How to write a profile

Photo via Vanity Fair

The profile is one of the most basic and versatile formats of media writing. It can be used to get to know a celebrity or introduce you to the person who delivers your mail.

A profile can take many forms. It could be a 14,000-word article about the president of the United States in Vanity Fair. Or it could be a Facebook photo next to insightful quotes from strangers on the streets of New York.

A traditional profile blends facts, biographical information, quotes and visuals. Then it’s all arranged in a narrative that has a clear beginning, middle and conclusion.

Sometimes inexperienced writers confuse a profile with a bio. But a media profile shouldn’t be the same thing as a Wikipedia entry. It’s not just a bunch of facts in chronological order — it should add up to something more than the sum of its parts.

A good profile gives you something that you can’t get elsewhere to really get to know the person. It could be an illuminating quote. It could explain why the subject does what she does. It could also be a photograph that tells a story all on its own.

Here are suggested elements to construct a profile that is informative, insightful and entertaining.

A compelling introduction

As a writer, your job isn’t to be a stenographer, or someone who simply compiles words verbatim. Instead, your job is to select the most relevant information that tells the most compelling and complete portrait possible. This means that you will start with the most attention-grabbing or relevant information about the person. Let’s say you are writing a profile of an inmate. Here are two ways you could begin your story:

Joe Smith, 48, lives in jail at the Waupun Correctional Institute.


Joe Smith, who is spending his life behind bars for murder, insists that he is innocent.

Which makes you want to read on?

Facts and biographical information

These are your building blocks of your profile. It’s how old they are, what they study or do for a living, where they come from or where they live. This information answers the “what” and “how” of your subject.

You can think of this information as the equivalent of a person’s resume. Often, you can find much of this information out before you sit down to interview someone. You might find it on a LinkedIn page, other articles that have been written about them, or other public information.

This information can be helpful, but that doesn’t mean you need to include all of it in a profile. It depends on your subject. If you’re writing a profile of an NBA draft prospect, it probably makes sense to include the person’s height and weight. But if you’re writing a profile of a CEO, the person’s height and weight is likely irrelevant, but their professional experience could mean a lot.

What makes this person tick

If facts and biographical information make up the person’s resume, then this step is the cover letter. Anyone who has written a cover letter knows that it can be hard to know what to say. But it can also be much more reflective of a person’s personality than the facts on a resume.

To answer this question, you have to dig deep. If the first step answers “what” and “how,” this is the “why.” You have to ask why your subject does what he does, why he lives where he lives, or why he dreams what he dreams. It gets into your subject’s true motivation.


To get to know someone, you have to hear that person’s voice. You can accomplish this through direct quotations. A profile is usually a mix of the author’s words and narration interspersed with quotes from the subject.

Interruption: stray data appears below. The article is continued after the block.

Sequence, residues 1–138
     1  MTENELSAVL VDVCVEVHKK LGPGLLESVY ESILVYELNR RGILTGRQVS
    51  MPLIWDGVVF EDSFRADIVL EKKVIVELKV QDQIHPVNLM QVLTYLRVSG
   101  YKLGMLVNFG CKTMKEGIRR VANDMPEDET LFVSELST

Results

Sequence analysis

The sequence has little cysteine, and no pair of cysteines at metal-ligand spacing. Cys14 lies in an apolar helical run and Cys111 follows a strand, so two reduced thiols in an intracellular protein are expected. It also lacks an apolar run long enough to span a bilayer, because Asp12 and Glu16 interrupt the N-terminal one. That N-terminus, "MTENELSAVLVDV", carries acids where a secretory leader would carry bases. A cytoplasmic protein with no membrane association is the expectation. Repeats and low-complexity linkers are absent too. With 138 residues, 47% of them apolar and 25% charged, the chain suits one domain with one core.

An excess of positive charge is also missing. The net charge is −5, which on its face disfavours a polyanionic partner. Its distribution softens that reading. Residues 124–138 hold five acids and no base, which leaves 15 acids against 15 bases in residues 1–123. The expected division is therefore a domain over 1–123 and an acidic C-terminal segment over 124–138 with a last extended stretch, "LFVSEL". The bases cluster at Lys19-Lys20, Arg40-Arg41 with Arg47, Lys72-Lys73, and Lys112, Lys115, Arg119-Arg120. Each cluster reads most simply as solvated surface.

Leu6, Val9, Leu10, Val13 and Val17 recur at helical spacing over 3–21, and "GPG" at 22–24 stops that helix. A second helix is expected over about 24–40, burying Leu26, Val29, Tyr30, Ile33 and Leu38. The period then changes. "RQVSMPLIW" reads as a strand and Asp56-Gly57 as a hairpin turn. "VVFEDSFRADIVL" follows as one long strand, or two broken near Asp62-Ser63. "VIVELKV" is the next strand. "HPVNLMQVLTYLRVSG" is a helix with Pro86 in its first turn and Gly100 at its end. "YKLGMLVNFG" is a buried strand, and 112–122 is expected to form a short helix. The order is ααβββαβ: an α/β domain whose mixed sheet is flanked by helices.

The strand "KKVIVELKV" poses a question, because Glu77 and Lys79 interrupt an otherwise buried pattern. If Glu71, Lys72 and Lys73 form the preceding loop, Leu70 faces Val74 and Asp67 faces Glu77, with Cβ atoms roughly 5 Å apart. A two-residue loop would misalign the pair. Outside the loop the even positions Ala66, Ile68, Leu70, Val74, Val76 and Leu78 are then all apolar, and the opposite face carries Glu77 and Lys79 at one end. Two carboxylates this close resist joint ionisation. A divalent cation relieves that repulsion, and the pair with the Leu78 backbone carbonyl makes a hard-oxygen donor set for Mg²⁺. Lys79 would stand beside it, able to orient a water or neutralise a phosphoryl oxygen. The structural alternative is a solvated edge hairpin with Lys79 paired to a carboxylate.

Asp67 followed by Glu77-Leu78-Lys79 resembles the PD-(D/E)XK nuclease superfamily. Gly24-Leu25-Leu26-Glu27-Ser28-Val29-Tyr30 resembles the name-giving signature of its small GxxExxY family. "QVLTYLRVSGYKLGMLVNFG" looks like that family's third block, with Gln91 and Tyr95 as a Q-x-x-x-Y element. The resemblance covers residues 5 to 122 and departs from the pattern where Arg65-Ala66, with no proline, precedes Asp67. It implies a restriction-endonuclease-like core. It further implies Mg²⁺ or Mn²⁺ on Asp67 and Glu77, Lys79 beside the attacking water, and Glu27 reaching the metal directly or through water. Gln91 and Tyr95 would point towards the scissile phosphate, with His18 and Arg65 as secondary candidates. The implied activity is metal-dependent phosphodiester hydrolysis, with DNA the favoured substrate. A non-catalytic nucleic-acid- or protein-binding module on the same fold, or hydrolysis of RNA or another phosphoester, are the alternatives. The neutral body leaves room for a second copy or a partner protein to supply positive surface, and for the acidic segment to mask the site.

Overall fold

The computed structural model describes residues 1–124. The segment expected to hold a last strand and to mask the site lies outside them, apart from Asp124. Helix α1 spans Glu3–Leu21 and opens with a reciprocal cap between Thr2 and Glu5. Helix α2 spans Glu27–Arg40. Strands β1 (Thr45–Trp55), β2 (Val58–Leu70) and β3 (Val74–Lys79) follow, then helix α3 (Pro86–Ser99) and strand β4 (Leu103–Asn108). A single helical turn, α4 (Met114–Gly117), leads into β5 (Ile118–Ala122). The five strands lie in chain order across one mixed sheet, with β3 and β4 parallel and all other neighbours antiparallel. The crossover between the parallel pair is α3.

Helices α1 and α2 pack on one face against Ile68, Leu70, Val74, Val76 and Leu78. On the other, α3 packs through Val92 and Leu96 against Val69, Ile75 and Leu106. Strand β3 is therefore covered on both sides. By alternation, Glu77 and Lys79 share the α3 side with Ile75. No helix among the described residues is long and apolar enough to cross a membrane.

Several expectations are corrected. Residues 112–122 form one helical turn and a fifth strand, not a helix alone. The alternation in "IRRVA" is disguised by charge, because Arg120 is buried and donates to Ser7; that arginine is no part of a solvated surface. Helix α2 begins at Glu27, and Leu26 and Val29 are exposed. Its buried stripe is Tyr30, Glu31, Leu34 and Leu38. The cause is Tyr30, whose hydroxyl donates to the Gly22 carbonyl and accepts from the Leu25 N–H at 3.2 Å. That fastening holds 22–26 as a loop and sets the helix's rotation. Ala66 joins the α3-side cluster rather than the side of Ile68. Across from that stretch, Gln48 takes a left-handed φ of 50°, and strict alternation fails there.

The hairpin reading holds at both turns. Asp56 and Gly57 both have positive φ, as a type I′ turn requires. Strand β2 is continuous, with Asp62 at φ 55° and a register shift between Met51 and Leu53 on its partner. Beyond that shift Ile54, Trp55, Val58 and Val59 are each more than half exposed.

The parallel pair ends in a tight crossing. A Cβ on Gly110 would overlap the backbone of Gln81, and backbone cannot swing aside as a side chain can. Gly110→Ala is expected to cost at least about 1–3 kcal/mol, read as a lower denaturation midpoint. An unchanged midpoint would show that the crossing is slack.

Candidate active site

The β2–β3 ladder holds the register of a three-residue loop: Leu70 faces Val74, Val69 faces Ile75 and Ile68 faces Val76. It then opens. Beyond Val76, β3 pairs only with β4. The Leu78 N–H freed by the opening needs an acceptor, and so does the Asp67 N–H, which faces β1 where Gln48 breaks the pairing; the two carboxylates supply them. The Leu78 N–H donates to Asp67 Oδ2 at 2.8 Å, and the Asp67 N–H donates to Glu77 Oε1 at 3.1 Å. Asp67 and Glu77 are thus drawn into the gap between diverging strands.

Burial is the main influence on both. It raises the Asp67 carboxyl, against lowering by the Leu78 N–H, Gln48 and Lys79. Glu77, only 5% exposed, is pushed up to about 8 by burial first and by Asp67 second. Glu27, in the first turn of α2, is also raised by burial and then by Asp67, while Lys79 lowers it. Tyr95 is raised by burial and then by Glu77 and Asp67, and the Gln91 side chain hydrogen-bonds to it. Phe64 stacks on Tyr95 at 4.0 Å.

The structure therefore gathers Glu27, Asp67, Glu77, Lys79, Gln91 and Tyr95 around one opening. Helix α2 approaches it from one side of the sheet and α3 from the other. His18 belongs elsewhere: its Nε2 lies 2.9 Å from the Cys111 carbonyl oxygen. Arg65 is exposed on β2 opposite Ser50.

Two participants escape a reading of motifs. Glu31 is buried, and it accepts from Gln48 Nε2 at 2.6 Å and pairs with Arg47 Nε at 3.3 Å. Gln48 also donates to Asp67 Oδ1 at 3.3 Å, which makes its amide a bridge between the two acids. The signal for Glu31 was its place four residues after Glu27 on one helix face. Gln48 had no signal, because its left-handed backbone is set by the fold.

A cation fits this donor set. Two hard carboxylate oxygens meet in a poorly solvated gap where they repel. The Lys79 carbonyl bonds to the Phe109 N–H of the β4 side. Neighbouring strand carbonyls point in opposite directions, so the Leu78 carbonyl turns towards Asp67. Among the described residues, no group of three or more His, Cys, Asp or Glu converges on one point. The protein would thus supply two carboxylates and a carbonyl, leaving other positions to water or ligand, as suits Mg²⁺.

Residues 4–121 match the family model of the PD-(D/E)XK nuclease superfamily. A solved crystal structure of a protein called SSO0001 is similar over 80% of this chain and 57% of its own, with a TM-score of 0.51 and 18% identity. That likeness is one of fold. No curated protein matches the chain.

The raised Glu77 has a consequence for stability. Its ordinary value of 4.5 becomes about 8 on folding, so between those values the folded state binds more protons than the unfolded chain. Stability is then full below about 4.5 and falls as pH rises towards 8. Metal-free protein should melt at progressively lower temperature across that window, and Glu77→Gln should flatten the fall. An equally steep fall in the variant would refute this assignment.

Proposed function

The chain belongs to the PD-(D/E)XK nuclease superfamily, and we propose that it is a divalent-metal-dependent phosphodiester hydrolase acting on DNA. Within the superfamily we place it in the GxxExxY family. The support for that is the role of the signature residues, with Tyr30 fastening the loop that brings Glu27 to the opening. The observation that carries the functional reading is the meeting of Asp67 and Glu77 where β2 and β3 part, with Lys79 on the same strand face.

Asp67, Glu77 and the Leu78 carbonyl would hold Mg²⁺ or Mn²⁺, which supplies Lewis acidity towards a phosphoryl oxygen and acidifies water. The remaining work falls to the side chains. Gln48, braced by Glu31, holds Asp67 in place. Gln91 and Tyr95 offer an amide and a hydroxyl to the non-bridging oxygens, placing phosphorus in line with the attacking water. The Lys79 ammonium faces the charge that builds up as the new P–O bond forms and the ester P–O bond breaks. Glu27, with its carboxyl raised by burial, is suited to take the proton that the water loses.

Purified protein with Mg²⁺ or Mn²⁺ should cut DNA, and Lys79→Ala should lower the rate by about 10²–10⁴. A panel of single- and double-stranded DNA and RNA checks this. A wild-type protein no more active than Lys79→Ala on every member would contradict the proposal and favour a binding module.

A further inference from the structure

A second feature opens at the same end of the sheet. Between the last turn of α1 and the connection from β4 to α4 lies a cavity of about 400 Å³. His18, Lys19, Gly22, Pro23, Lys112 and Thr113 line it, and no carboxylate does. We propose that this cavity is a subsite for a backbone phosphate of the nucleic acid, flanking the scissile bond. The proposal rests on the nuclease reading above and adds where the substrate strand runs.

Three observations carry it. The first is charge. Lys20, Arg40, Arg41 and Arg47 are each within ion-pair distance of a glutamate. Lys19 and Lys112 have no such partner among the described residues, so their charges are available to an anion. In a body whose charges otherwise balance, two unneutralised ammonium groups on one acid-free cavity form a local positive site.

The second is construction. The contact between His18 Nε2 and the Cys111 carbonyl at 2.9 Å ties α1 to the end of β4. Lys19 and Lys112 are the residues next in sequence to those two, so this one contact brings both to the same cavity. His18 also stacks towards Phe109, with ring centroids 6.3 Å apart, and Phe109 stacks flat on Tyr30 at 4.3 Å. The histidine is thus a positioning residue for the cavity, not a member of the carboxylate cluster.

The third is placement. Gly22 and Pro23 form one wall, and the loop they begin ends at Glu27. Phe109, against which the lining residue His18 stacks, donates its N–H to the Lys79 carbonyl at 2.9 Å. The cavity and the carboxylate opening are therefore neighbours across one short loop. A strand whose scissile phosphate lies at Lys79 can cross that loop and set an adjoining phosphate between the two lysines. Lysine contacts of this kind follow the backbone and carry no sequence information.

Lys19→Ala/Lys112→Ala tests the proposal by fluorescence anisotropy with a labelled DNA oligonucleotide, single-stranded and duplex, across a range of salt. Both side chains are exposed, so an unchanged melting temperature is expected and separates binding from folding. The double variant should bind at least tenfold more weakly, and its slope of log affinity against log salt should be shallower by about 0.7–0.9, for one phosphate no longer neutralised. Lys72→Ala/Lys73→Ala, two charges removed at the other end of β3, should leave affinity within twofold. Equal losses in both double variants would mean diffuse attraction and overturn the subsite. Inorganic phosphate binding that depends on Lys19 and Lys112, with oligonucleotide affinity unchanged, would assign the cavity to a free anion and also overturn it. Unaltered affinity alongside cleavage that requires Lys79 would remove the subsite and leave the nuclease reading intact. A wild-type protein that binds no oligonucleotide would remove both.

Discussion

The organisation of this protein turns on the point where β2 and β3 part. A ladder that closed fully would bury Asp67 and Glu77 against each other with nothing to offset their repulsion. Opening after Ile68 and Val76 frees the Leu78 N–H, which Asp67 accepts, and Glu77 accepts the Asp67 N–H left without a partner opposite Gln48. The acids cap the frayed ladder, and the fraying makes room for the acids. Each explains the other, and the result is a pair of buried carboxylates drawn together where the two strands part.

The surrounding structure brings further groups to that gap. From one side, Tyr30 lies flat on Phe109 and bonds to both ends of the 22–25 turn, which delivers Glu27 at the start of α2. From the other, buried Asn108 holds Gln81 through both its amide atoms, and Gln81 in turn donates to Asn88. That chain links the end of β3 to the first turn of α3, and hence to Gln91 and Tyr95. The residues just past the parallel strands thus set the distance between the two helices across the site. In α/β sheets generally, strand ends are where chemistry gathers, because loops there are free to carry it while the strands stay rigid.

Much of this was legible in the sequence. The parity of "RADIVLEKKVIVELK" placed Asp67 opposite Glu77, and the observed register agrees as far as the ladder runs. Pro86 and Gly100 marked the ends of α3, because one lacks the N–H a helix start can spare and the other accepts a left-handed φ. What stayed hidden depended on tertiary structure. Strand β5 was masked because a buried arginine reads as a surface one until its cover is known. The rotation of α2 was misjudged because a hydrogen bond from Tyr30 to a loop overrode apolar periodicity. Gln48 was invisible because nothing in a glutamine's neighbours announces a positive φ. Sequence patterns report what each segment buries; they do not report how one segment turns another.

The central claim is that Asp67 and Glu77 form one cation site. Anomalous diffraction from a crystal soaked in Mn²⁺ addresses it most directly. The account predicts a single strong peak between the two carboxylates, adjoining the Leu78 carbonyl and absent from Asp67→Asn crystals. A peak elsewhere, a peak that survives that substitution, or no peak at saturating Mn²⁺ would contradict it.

What makes a good quote? Just putting quotation marks around words your subject says doesn’t mean you have something that’s worth quoting. Factual statements and biographical information should be paraphrased in your own words. But when your subject says something colorful or insightful, you should let that do the talking as a quote.


“I grew up in Chicago until I was 18 and then I left for college. I attend Marquette University as a Public Relations major.”


“I wasn’t sure what I wanted to do with my life until I took an amazing media writing class at Marquette.”

Which sounds more like a quote?


A picture can say 1,000 words — but only if accurately reflects your subject. Your profile should include a photo or video that shows your subject engaged in an activity you talk about in your profile, or shows off a central trait of their personality. It shouldn’t just be a LinkedIn profile. It should tell a story in its own right.

How do you get these photos? Ideally, a professional photographer can get high-quality photos during a separate photoshoot or during the course of your reporting. The best media photographers confer with the editors and writers of the profile to see what kind of themes they’re looking for in the accompanying photography.

If you don’t have the means to hire a professional photographer, you still have options. Today, more writers can get photography themselves with their own cameras or iPhones. Finally, if limited time or resources are a consideration, writers can also get submitted photos from their profile subjects. If that’s the case, the profile should note that the photography came from the subjects for the sake of transparency.

A conclusion

A profile shouldn’t end abruptly. It should end with a fact, an observation or a quote that summarizes who this person is, and what the reader has learned about her.

At the end of a well-written profile, you may love the person or hate the person. Those feelings may come out over the course of the profile. But the job of the conclusion is to drive home the point that you at least know this person a little bit better than before.

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